I saw several seventeenth-century Dutch houses and the Van Slichtenhorst farm on which Pieter and Philip Schuyler's mother had been born, but what impressed me most was the continuity, not primarily in material and stylistic respects, but in the attitudes and motivation of our hosts. Where the past met the present was in the virtual identity of values of Dutch hosts and American guests that the exchange underlined. It was for commercial reasons that the Dutch had settled New Netherland and with commercial aims in mind the modern Nijkerkers had sought to revitalize the tie. From commerce and entrepreneurship sprang other salient cultural traits emphasized by Dutch and Americans: the existence of social and cultural pluralism, toleration, openness, and appreciation of differences, as well as the ability to negotiate and adjust to altered circumstances. Both the Dutch and the Americans have learned how to cope with change, indeed, to generate change, without succumbing to its stresses, and they have learned to survive, even turning natural and military crises to their advantage. On my return from the Netherlands I was happy to discover that early Dutch documents of the New York State Archives were being translated through the New Netherland Project and that several New York State historians had already reached the same conclusion as I had. The spirit of the Indian connection sprang from the spirit of the Netherlands as surely as the steep gable roofs of the Stockade recall our Dutch forbears.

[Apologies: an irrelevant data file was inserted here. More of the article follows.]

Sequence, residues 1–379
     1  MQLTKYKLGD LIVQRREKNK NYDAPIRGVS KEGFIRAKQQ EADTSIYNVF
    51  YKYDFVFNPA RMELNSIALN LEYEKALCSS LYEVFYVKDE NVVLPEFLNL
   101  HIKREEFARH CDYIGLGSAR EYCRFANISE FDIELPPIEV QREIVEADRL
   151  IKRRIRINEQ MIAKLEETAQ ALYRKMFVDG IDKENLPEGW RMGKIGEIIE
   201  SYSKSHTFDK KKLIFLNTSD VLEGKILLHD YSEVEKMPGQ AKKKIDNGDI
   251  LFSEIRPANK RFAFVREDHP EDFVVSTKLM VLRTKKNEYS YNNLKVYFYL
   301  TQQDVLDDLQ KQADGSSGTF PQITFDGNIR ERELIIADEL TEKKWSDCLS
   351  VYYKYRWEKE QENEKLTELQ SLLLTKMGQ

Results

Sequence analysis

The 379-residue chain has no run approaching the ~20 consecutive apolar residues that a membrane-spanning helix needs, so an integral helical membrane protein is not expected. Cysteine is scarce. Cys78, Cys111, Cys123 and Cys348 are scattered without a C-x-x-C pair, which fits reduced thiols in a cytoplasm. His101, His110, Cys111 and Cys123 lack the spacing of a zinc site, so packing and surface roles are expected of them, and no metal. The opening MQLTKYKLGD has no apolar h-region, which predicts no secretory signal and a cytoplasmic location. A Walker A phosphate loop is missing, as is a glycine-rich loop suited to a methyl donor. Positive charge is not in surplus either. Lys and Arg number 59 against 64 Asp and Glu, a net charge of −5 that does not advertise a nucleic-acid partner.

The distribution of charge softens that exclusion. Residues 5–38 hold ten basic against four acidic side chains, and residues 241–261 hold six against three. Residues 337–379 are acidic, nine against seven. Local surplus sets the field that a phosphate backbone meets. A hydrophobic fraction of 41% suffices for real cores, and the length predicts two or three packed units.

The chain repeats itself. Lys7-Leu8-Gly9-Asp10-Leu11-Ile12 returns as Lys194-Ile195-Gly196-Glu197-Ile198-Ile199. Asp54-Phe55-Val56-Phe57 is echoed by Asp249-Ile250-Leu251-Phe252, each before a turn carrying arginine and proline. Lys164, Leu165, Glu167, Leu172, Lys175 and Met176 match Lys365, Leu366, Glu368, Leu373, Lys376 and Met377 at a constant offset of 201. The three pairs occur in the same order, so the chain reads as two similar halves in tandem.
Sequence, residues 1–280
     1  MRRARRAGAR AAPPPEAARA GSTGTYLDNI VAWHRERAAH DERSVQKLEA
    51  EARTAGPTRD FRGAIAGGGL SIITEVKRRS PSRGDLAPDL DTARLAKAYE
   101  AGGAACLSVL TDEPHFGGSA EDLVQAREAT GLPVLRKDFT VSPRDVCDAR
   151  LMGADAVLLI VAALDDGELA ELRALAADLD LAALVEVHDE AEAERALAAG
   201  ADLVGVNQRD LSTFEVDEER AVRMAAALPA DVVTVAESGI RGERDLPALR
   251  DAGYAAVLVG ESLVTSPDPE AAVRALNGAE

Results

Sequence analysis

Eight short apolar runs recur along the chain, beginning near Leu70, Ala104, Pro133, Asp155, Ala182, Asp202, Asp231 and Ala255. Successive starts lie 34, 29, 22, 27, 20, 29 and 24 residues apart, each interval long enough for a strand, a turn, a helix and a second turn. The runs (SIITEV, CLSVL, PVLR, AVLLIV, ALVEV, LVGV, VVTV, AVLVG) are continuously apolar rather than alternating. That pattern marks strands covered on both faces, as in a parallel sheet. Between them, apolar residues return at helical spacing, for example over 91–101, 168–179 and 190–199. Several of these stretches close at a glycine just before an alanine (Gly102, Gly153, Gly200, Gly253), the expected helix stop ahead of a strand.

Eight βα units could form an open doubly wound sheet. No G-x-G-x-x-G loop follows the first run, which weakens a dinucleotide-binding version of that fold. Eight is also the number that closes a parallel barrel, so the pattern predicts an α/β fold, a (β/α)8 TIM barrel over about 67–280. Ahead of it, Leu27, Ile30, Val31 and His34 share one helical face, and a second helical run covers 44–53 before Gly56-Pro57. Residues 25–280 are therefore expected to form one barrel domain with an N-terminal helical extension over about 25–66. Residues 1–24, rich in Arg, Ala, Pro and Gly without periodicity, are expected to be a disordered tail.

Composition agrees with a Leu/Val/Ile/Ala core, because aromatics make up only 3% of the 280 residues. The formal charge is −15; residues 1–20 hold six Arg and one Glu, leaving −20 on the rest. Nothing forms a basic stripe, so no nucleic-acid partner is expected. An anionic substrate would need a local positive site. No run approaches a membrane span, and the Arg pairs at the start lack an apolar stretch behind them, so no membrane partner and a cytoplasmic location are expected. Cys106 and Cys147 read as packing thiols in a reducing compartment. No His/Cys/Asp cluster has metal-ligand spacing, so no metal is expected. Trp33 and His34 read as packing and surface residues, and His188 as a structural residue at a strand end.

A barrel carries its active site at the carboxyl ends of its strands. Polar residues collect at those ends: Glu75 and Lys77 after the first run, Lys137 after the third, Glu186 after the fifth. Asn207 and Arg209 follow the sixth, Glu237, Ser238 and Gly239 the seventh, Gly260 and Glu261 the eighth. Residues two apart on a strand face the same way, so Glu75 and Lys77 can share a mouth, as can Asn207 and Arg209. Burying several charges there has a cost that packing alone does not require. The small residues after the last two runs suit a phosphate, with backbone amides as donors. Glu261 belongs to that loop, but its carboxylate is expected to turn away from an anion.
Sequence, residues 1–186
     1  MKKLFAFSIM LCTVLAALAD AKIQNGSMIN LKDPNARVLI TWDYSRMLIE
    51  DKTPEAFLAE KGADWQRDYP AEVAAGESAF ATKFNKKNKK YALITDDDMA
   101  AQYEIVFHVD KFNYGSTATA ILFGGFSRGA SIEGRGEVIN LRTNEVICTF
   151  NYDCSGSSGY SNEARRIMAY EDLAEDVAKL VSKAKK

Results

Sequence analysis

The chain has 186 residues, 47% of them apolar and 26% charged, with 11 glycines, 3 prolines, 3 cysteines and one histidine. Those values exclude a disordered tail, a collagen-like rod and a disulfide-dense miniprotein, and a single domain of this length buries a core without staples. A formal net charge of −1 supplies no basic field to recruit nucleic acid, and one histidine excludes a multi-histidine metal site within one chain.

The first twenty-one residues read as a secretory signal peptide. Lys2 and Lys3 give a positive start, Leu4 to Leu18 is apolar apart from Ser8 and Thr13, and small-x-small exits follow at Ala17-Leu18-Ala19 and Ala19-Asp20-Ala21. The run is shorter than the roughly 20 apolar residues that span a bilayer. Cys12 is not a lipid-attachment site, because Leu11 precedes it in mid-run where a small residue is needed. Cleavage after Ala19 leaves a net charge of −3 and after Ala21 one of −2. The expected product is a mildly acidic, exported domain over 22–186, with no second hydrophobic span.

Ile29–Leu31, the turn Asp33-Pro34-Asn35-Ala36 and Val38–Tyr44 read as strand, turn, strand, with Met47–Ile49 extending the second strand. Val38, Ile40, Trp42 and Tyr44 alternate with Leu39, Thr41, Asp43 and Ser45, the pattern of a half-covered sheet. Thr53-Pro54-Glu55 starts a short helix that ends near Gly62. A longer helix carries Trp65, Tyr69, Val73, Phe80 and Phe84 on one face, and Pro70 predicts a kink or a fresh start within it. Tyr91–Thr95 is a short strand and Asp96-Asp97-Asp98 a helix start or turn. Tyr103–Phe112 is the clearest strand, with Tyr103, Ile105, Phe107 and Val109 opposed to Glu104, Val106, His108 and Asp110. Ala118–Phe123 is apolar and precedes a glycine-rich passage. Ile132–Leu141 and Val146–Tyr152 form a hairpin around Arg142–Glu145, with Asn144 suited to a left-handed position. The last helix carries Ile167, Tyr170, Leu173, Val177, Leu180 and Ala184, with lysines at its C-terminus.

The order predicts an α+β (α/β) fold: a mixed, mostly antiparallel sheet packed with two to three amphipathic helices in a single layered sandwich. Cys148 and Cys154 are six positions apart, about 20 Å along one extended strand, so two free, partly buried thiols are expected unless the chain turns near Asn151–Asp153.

Theses, Themes, and a Note on Methods
My principal thesis is that the heritage of New Netherland, the values and attitudes that made Schenectady and America great, descended intact through the colonial period and were manifest in the post-Revolutionary incorporation of this American city. I also believe that that spiritual heritage can become symbolically manifest in the historic structures of the Stockade, now preserved principally for their age and aesthetic quality. Schenectady's material heritage provides an essential link between the colonial and modern community. For the spiritual heritage to be perceived, however, the sites and structures must be fleshed out with the lives of early inhabitants and the significant events that occurred there.